Maybe you’ve seen her: a girl-child in a heavily soiled nightdress, creepy-crawling on her belly through a garden of toadstools in the yard beside an old dark house. She is “the Sixties”—in all its promise and eventual deformity—coming into being, coming up from underneath.
She was born Mary Kathryn Molumby in Bremerton, Washington, in 1946, but by 1964 she was Jill Banner, still only 17 and suddenly starring in Jack Hill’s comic-horror masterpiece Spider Baby. She’d studied acting in high school alongside close friend Peggy Lipton but she still hadn’t graduated, and she’d never been in a movie before. As Spider Baby opens, we watch her snare and “devour” a mailman with a pair of knife-mandibles, a wanton waif both gleeful and lethally blank. Now, out creepy-crawling through those mushrooms, she’s rounding up some salad fixings for supper. Company has arrived at that old dark house, the Merrye mansion, where, in a deranged and isolated “family” alongside worn-out Wolfman Lon Chaney Jr., bald and slobbering young Sid Haig, and veteran child star Beverly Washburn, Banner’s Virginia Merrye is a spider baby, but not the film’s—or the decade’s—only one.
A colloquial term handed down through world culture (and John Entwistle’s “Boris the Spider”) before the “girls” of the Manson Family codified it, “creepy-crawling” was Family slang for invading people’s homes as they slept, like incarnations of flickering TV broadcasts of Universal horror films on the Midnight Movie, licking and rearranging objects and furniture, stealing a knickknack or two, and leaving undetected. It was foreplay for the Family’s killing spree to come. One of the multiple ways of understanding Spider Baby (in which ambiguities abound, and a thorough knowledge of genre history is essential) is as a forecast of the blood drift of hippiedom with which the decade would conclude—a vision of history in which Molumby/Banner’s Virginia is clearly a harbinger of Manson’s harpies, complete with steely knives, a ravenous gleam in her eye, and a brand-new name or two. Banner would continue fleshing out and complicating this archetype—lost girl as decade’s lost innocence—throughout her all-too-brief career.
Banner had just happened into Jack Hill’s office during the casting of Spider Baby, which sat on a shelf until late ’67 and was barely noticed even then; it did virtually nothing to advance her career. She made another horror film that no one seems to have ever seen, Weekend of Fear (66), and was featured in an unremarkable spaghetti Western, Luigi Vanzi’s A Man, a Horse, a Pistol (67). She fared much better as a diaphanous flower child named Snow White in Theodore Flicker’s barbed James Bond–era espionage riff The President’s Analyst (67): “Smell the earth,” she advises a turned-on and tripped-out James Coburn. “Now is pretty. Love now. I’m now. Love me.” It was the last feature she’d make. One of the quintessential, if altogether ephemeral, American female screen presences of the late Sixties, Banner remained and remains unknown, even though her five career-defining performances on Jack Webb’s counterculture-revamped Dragnet (as everything from a schizophrenic college girl to a flattened-affect heroin hype) have been seen by millions of television viewers.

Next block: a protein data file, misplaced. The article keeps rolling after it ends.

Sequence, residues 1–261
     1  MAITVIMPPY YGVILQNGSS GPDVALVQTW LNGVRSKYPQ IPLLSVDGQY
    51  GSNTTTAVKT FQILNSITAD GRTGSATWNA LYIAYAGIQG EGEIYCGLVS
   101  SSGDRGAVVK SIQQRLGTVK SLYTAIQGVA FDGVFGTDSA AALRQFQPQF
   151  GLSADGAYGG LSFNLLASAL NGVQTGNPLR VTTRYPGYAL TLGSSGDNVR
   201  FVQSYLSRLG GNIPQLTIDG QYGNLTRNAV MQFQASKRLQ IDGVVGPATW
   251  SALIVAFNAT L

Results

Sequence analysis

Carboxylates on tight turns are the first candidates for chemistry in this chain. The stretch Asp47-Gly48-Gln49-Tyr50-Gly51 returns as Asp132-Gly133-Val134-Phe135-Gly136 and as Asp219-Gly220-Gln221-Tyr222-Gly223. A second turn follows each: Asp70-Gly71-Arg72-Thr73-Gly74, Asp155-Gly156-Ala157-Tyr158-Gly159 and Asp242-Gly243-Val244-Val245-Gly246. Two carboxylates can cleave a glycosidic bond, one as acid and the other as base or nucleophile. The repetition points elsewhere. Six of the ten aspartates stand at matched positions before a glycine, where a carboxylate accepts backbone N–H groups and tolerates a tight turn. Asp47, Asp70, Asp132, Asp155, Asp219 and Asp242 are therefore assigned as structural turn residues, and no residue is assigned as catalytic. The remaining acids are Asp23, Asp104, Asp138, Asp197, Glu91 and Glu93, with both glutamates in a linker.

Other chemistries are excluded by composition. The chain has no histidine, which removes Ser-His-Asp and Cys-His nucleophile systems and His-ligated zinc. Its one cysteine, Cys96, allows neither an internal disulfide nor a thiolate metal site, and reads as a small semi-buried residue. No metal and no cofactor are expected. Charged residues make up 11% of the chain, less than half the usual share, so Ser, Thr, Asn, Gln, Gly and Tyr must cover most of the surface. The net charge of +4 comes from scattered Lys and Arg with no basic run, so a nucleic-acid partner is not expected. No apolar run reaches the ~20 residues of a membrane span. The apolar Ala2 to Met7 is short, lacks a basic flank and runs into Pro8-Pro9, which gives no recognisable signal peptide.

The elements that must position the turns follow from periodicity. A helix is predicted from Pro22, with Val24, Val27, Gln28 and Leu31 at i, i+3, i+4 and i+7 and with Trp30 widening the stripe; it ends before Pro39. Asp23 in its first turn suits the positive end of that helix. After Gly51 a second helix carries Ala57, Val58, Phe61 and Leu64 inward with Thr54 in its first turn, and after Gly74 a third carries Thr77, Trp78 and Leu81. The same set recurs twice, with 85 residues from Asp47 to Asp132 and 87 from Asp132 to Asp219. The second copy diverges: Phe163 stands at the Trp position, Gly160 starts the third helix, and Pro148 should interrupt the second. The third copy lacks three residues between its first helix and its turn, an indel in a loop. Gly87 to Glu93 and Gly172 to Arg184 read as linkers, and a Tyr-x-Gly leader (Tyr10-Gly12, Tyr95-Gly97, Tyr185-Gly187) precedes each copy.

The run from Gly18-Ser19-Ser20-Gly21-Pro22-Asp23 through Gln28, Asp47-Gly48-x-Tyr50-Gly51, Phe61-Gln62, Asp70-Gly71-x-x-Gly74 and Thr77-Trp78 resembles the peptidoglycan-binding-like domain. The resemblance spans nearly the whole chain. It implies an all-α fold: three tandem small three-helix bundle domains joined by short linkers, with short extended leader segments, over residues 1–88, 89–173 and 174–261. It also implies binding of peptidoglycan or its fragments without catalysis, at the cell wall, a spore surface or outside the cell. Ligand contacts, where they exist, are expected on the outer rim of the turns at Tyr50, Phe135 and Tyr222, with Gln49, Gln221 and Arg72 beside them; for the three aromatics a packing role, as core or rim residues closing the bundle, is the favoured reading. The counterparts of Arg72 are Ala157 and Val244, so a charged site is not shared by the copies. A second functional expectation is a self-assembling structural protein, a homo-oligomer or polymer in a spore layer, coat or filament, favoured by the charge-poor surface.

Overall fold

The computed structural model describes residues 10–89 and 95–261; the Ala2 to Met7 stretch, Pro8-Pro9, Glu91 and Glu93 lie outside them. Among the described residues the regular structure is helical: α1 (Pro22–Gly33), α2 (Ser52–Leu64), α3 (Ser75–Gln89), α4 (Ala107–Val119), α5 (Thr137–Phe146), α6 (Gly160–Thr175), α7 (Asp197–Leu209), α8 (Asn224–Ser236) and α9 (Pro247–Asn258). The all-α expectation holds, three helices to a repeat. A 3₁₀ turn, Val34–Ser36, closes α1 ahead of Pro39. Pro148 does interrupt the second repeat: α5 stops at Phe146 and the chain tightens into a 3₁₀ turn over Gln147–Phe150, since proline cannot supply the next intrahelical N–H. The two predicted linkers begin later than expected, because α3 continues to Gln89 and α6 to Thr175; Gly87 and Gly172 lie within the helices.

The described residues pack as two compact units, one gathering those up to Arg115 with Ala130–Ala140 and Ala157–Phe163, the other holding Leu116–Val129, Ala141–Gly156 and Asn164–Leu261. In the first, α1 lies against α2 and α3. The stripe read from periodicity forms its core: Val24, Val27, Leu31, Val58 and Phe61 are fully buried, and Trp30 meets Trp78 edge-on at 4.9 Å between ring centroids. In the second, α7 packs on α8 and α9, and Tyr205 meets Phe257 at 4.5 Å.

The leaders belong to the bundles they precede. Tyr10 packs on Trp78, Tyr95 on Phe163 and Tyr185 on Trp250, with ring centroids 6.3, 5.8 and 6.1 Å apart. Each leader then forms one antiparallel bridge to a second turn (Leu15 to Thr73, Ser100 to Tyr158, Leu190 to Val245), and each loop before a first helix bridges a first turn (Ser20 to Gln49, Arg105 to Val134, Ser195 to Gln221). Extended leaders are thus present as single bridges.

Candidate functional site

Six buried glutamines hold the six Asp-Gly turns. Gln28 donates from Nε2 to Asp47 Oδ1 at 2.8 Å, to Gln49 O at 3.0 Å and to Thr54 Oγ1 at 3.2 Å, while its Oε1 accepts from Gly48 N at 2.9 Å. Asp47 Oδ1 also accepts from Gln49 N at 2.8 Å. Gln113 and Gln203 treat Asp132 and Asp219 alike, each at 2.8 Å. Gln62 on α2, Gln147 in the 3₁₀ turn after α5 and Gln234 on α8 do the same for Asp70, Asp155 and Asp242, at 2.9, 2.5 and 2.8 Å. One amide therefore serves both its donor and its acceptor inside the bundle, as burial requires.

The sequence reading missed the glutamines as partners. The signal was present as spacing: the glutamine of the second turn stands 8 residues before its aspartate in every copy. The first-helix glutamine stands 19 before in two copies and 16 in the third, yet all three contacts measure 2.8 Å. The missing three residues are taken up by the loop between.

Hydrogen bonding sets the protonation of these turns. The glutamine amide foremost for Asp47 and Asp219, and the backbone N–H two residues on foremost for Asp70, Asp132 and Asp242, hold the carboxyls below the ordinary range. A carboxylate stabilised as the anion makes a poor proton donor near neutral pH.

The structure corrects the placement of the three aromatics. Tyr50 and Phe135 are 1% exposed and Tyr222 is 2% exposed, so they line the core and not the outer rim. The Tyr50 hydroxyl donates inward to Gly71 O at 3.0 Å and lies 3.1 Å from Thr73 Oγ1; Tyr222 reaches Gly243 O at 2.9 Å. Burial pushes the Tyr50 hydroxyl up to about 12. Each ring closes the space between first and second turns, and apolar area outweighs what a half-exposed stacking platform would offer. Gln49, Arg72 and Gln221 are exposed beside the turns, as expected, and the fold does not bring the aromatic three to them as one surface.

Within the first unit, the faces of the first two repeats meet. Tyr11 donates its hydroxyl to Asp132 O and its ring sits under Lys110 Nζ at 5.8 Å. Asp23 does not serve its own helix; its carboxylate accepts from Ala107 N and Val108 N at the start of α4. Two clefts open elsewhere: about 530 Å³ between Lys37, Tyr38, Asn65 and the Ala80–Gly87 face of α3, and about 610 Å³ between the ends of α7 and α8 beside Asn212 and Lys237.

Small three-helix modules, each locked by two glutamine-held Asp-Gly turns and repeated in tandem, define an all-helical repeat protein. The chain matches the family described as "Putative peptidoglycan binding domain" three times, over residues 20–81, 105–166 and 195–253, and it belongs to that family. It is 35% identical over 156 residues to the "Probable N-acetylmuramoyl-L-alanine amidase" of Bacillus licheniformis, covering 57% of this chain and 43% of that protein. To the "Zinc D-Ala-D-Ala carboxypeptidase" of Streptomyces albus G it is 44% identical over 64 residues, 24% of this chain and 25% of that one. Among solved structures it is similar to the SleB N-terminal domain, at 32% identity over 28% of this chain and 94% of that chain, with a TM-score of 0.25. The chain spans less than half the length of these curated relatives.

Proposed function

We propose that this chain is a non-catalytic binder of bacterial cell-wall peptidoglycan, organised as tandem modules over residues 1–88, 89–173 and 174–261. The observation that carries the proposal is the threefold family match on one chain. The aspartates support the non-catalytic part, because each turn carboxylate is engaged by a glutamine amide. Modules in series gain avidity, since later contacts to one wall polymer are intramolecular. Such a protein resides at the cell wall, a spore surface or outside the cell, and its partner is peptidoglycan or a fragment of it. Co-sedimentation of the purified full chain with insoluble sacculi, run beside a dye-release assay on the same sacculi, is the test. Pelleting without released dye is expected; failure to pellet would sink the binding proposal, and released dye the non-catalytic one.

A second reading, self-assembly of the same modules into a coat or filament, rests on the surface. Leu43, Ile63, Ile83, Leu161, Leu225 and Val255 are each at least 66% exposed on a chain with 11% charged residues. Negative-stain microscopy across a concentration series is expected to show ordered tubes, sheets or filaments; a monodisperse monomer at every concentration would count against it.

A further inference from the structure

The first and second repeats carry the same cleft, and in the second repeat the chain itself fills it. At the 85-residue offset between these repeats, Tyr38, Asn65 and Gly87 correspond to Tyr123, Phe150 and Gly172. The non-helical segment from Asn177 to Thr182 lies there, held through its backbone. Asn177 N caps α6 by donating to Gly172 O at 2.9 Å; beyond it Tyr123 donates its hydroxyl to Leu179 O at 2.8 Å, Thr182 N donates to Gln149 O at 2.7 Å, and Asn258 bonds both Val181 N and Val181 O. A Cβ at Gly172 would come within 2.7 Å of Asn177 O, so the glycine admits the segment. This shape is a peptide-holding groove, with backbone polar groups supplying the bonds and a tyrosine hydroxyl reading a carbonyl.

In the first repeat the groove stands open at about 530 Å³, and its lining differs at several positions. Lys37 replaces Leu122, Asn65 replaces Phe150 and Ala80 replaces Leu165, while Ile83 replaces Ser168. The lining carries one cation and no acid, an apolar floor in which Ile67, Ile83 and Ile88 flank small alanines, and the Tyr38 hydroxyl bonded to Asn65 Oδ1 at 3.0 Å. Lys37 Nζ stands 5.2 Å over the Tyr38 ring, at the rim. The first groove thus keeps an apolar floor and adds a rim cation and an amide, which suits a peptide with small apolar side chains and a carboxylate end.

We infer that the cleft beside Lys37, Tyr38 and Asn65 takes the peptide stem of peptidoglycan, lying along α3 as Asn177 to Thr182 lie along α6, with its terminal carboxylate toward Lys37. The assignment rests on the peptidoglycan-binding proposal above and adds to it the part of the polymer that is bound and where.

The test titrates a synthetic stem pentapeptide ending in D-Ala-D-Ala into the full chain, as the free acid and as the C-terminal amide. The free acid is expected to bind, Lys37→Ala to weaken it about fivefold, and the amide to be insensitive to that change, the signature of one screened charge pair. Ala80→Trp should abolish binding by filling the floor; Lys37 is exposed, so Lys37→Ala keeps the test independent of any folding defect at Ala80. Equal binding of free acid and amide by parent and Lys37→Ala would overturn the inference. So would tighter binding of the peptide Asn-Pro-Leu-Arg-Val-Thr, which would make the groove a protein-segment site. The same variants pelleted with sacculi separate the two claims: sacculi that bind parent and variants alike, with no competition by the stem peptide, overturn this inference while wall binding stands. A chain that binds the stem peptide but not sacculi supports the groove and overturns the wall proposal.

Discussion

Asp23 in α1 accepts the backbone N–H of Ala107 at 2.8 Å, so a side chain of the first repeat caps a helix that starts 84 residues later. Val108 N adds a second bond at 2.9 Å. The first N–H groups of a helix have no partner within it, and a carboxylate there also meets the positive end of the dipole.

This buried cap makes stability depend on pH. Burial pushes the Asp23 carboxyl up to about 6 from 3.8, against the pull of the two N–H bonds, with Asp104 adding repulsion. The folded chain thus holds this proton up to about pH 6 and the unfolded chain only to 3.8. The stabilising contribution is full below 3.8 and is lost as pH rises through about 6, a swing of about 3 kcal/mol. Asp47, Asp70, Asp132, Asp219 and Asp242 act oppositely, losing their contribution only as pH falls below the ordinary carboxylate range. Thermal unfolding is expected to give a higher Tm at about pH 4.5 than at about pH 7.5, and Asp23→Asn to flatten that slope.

Banner had range, though we’ll never know just how much. Marlon Brando, with whom she had a long and complicated relationship, said “she made me laugh harder than any woman I’ve ever known,” but Banner certainly knew how to rein it in, how to make a big impression by doing very little at all. She sneered as naturally as she exhaled, and never needed to force it. She made men angry with themselves just by being there, maybe because, though sexy as hell, you knew that—like a spider, baby—she’d probably fuck you then chew your head clean off. Consider, if you will, the words of the rarely-moved-beyond-stoic-seething Sgt. Joe Friday when confronted with the sullen and diffident young accomplice to murder played by Banner on the Dragnet episode entitled “The Hammer” (67): “I’ll bet your mother had a loud bark.”
Banner kept working in television through 1972: episodes of Adam 12, The Name of the Game, Cade’s County, then she dropped out, went to sell real estate in New Mexico for a while. A decade later, at the age of 35, she was back in Los Angeles, back with Brando, thinking about getting back into her career, when, in 1982, her car was struck by a truck on the Pacific Coast Highway in Malibu, killing her. Oh, but how she had once creepy-crawled through Hollywood’s haunted past, weaving webs that would vanish overnight!